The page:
The Outdoor Industry Muscles Up

Boulder, Colorado: From its chiseled, thru-hiking calves to its swollen rock-climbing forearms, the U.S. outdoor industry has been flexing its muscles lately. According to the Outdoor Industry Association (OIA), a trade organization in Boulder, Colorado, American consumers now spend more on outdoor recreation ($887 billion) than they do on gasoline and fuels ($304 billion), motor vehicles and parts ($465 billion) or pharmaceuticals ($466 billion).

hiker on trail

OIA’s definition of “outdoor recreation” is broad, including everything from archery to scuba diving. But even the most traditional outdoor activities have become powerful economic drivers. Americans spent more on trail sports gear ($20 billion) than they did on home entertainment ($18 billion) last year, according to the OIA data.

The newfound brawniness of the outdoor economy also carries political implications. This summer, media outlets like the New York Times and Associated Press closely covered the move of the Outdoor Retailer trade show—one of the outdoor industry’s biggest events—from Salt Lake City, Utah, to Denver, Colorado. Many industry leaders pinned their support for the move on the perception that Colorado’s public lands policies are more focused on conservation and recreation than in Utah, where extraction and development are sometimes favored.

In both economic and political terms, outdoor recreation is no shrinking violet. Even more growth seems inevitable—American national parks broke the previous year’s visitation record in 2016, hosting 331 million visits, while state parks hosted more than double that number with at least 730 million annual visits.

Outdoor enthusiasts are sometimes tempted to blame the degradation of natural resources solely on industrial pollution or large-scale land development, but in truth the collective impacts of human recreation are substantial. As the OIA data reveals, the outdoor industry has become a major economic driver—and there’s no such thing as an industry worth $887 billion that does not impact that natural world. Some of that impact derives from manufacturing and shipping recreation equipment, but it also comes from the activities themselves, which often occur in pristine and sensitive environments.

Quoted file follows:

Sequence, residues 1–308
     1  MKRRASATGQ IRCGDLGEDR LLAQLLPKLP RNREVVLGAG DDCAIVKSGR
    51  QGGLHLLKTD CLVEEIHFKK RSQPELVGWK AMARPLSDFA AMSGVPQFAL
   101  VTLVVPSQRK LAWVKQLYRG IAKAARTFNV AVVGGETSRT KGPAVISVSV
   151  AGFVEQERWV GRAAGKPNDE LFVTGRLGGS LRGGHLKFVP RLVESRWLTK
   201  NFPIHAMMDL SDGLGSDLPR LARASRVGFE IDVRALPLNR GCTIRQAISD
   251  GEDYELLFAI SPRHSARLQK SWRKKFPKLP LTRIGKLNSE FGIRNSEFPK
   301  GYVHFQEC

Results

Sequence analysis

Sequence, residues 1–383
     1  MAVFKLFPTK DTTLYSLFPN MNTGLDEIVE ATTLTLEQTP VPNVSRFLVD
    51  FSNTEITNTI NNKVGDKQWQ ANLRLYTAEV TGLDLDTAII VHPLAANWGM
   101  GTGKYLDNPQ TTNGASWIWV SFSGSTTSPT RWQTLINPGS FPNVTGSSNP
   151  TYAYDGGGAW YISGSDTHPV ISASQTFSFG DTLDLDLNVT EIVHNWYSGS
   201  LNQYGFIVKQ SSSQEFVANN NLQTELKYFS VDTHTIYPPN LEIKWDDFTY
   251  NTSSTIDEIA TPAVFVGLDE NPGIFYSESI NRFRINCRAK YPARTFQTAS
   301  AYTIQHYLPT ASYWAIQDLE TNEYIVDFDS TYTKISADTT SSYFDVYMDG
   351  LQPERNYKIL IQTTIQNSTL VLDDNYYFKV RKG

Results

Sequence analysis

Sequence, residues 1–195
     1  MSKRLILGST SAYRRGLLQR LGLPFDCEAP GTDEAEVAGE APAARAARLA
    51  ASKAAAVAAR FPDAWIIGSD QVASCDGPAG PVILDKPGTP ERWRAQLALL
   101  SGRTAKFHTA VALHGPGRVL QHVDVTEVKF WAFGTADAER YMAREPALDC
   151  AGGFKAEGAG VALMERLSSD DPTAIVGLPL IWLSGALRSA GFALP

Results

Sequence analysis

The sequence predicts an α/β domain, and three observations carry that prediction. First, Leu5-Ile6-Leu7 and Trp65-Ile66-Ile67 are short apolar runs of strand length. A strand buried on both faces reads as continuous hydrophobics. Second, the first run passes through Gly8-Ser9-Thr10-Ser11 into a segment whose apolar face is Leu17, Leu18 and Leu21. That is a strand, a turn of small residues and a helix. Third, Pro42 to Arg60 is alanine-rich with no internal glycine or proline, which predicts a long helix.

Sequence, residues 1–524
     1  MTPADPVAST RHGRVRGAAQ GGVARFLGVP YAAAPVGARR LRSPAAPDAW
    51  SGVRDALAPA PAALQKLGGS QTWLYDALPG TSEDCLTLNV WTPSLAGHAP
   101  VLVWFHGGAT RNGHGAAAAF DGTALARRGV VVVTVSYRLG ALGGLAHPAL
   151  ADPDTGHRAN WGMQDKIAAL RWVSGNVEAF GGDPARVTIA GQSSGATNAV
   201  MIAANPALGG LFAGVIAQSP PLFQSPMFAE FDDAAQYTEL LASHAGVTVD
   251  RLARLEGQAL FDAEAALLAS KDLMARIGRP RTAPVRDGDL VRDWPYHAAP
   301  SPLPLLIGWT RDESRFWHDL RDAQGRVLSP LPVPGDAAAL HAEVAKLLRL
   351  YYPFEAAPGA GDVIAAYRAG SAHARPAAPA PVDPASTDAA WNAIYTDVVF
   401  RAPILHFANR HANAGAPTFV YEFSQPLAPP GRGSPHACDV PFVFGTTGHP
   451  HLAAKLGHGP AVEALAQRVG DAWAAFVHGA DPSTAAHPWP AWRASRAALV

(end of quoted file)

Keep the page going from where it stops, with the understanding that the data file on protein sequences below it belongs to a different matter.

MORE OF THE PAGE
The non-profit Leave No Trace Center for Outdoor Ethics is firmly in favor of expanding opportunities for people to experience natural areas and enjoy recreational opportunities. For nearly two decades, the organization’s mission has been to protect the outdoors by teaching and inspiring people to enjoy it responsibly.
Dana Watts, the Center’s Executive Director, says “Most people want to be low-impact, but they don’t always have the skills they need. When recreational visitors are exposed to Leave No Trace they see how easy it is to help protect our shared recreational resources.” Watts adds that Leave No Trace is not an all-or-nothing proposition. “Even a simple thing, like teaching people why it's important to pack out their orange peels and other food waste instead of tossing them into the woods, can have a big effect over time.”

Last year, the Center reached more than 15.5 million people, helping them understand how to take simple steps that lessen their impacts. As the size and force of the outdoor economy grows—with annual participation now measured in the hundreds of millions—so does the need to expand efforts to protect the natural environments that support its growth. Leave No Trace is poised to play a key role in this effort. 

— Mark Eller is the Foundations Director at the Leave No Trace Center for Outdoor Ethics.